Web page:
No, pest is not faster than nom

As the main developer of nom, the Rust parser combinators library, I'm usually happy to see other parser libraries appear in Rust. The language's strengths play well in that space, and writing parsers is a nice way to explore it.

I'm also happy to see them compete in benchmarks with nom, since it keeps me on my toes, and improves performance for everybody. Combine has been an interesting competitor here, showing how far one can go without using macros.

That said, the recent release of pest 2.0, a parsing expression grammar library, is pushing me to be petty :D

That library has been using a benchmark against nom in its readme for a long time. I wrote that benchmark to help in the comparison, but the results were slightly misleading:

old benchmarks

The nom benchmark and the "pest (custom AST)" benchmark were converting the JSON file to Rust types (Vec, HashMap for objects, booleans, strings and floating point numbers). While the simple pest parser was validating the file and generating a list of tokens without converting them. So, yes, of course it will be faster than nom.

There was further work on the benchmarks, while nom 4 was still in preparation, and pest got interesting results:

The benchmarks were run on a late 2013 Macbook Pro, quad core 2,3 GHz Intel Core i7.

combine(fails)127,775,522 ns/iter (+/- 11,140,676) = 17 MB/s3,732,534 ns/iter (+/- 795,836) = 34 MB/s241,407 ns/iter (+/- 40,575) = 38 MB/s
nom1,333 ns/iter (+/- 247) = 57 MB/s62,971,567 ns/iter (+/- 6,311,768) = 35 MB/s1,209,550 ns/iter (+/- 323,936) = 105 MB/s62,008 ns/iter (+/- 11,685) = 149 MB/s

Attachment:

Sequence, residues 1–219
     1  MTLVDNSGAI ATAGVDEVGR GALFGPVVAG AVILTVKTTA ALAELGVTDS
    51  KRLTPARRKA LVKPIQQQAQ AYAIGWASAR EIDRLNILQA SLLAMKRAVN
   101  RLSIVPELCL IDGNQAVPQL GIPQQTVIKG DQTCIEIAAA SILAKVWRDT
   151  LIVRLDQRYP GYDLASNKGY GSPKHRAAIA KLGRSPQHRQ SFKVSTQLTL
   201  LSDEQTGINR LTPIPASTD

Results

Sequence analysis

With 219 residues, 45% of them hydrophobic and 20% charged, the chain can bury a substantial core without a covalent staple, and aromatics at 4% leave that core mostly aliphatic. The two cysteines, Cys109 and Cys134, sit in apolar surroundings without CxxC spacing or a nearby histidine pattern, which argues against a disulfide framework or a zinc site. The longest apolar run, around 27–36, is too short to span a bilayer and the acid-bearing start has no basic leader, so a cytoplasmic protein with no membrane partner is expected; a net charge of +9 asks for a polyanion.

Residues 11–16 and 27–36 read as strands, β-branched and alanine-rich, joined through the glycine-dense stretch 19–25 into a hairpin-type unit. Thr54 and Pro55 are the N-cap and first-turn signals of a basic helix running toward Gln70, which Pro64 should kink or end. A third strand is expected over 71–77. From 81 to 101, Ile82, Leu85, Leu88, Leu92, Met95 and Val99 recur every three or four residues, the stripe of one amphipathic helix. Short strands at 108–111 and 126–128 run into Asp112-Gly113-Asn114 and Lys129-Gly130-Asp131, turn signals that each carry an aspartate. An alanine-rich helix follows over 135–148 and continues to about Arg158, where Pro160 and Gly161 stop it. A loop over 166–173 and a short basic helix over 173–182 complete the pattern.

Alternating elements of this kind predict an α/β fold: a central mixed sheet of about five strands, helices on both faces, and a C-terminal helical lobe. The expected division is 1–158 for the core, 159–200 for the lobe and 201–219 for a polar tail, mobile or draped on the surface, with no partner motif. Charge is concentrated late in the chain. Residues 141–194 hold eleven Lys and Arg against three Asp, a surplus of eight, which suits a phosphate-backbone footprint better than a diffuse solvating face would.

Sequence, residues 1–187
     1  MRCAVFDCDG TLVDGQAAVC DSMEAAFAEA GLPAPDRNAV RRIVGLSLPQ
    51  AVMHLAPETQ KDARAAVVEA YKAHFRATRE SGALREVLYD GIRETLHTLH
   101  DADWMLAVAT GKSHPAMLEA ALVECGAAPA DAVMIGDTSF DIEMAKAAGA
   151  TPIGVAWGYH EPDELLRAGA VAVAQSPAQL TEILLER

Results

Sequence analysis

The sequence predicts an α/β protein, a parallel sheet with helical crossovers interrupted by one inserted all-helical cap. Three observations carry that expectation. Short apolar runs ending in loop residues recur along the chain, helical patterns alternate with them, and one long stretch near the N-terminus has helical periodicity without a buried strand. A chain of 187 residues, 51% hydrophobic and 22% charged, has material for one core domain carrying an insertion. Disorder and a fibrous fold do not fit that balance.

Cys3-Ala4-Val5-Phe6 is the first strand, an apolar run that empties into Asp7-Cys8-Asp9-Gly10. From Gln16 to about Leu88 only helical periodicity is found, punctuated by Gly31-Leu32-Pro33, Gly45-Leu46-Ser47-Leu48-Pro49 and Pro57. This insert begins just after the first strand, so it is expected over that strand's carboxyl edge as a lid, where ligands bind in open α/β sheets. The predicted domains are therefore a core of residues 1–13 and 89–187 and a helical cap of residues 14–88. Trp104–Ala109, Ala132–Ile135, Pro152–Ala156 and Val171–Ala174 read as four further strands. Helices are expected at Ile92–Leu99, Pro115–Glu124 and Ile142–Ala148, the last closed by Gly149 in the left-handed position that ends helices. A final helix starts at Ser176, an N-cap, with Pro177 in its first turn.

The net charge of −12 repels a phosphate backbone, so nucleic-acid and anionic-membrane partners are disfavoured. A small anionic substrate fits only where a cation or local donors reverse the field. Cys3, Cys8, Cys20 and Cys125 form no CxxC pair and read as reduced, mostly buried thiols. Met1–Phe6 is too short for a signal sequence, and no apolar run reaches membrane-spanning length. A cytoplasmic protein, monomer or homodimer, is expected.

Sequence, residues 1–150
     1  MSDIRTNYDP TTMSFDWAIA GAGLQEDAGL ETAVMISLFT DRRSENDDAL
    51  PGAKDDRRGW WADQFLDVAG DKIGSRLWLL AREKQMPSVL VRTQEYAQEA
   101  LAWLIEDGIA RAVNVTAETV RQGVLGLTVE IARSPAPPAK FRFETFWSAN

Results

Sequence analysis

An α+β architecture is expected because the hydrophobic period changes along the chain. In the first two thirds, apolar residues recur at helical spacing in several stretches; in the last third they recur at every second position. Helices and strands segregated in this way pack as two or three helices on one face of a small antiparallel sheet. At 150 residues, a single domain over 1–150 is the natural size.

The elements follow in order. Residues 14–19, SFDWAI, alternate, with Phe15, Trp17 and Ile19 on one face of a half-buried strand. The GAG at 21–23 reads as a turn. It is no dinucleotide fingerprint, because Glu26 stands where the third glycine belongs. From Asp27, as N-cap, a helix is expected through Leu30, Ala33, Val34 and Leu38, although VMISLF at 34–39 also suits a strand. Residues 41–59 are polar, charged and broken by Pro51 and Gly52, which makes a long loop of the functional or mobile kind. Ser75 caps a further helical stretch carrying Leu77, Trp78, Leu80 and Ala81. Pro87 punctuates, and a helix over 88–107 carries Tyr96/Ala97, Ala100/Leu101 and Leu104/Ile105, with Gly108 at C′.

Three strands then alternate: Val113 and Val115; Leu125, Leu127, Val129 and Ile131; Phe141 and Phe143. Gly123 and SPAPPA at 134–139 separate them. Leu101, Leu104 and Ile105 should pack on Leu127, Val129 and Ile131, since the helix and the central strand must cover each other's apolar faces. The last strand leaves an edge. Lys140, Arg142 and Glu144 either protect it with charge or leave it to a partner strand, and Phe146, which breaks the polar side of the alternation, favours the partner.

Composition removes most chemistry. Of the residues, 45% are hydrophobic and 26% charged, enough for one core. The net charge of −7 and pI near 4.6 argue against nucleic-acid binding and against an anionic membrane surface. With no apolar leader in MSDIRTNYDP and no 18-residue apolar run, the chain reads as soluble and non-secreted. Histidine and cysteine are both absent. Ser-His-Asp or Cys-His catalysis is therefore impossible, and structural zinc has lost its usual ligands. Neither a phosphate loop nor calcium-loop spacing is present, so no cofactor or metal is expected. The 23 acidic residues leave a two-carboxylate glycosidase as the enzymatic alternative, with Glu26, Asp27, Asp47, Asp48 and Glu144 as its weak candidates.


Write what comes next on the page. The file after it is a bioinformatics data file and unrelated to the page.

pest1,405 ns/iter (+/- 238) = 54 MB/s27,701,820 ns/iter (+/- 3,961,221) = 81 MB/s1,694,463 ns/iter (+/- 338,194) = 75 MB/s131,851 ns/iter (+/- 22,667) = 70 MB/s

I could have left it at that.

But today (October 4th, 2018), the pest website featured a very misleading graph.

the pest benchmark graph

Yes, it's very easy to make nom look bad if you:

this is ridiculous, and deserves all the pettiness I can muster.

The real benchmark

I took the old benchmark reused the canada.json file, added the data.json file from pest's own JSON benchmark, applied pest's current way to bench its code in my benchmarks.

After upgrading to nom 4 and pest 2, and fixing some old bugs in the nom parser, I could reproduce the old results (still on a late 2013 Macbook Pro, quad core 2,3 GHz Intel Core i7, yes my laptop is getting old):

Yes, a pest 2.0 parser that does not convert the input to Rust types is indeed faster than a nom 4.0 parser that does convert the input to Rust types.

But what happens if I write a nom 4.0 parser that does not convert its input to Rust types? It's actually a bit easier if I don't try to generates floats, bools, etc. It's not exactly what pest does. Pest stores indexes along with the original slice, while this one will return sub slices for each JSON element. Still, here are the results:

Or, represented as graphs that do not actually mislead us with their axis:

canada.json benchmark

data.json benchmark

So, here we are, nom is actually still a lot faster than pest. I still find pest's parser interesting, because the grammar is quite readable, but I tend to prefer parser combinators, because they make it easy to reuse parsers and combinators and allow you to write your own custom elements as you wish.

So, here we are, if you see ways to improve the benchmarks, and in the process make nom or pest faster, please do it :)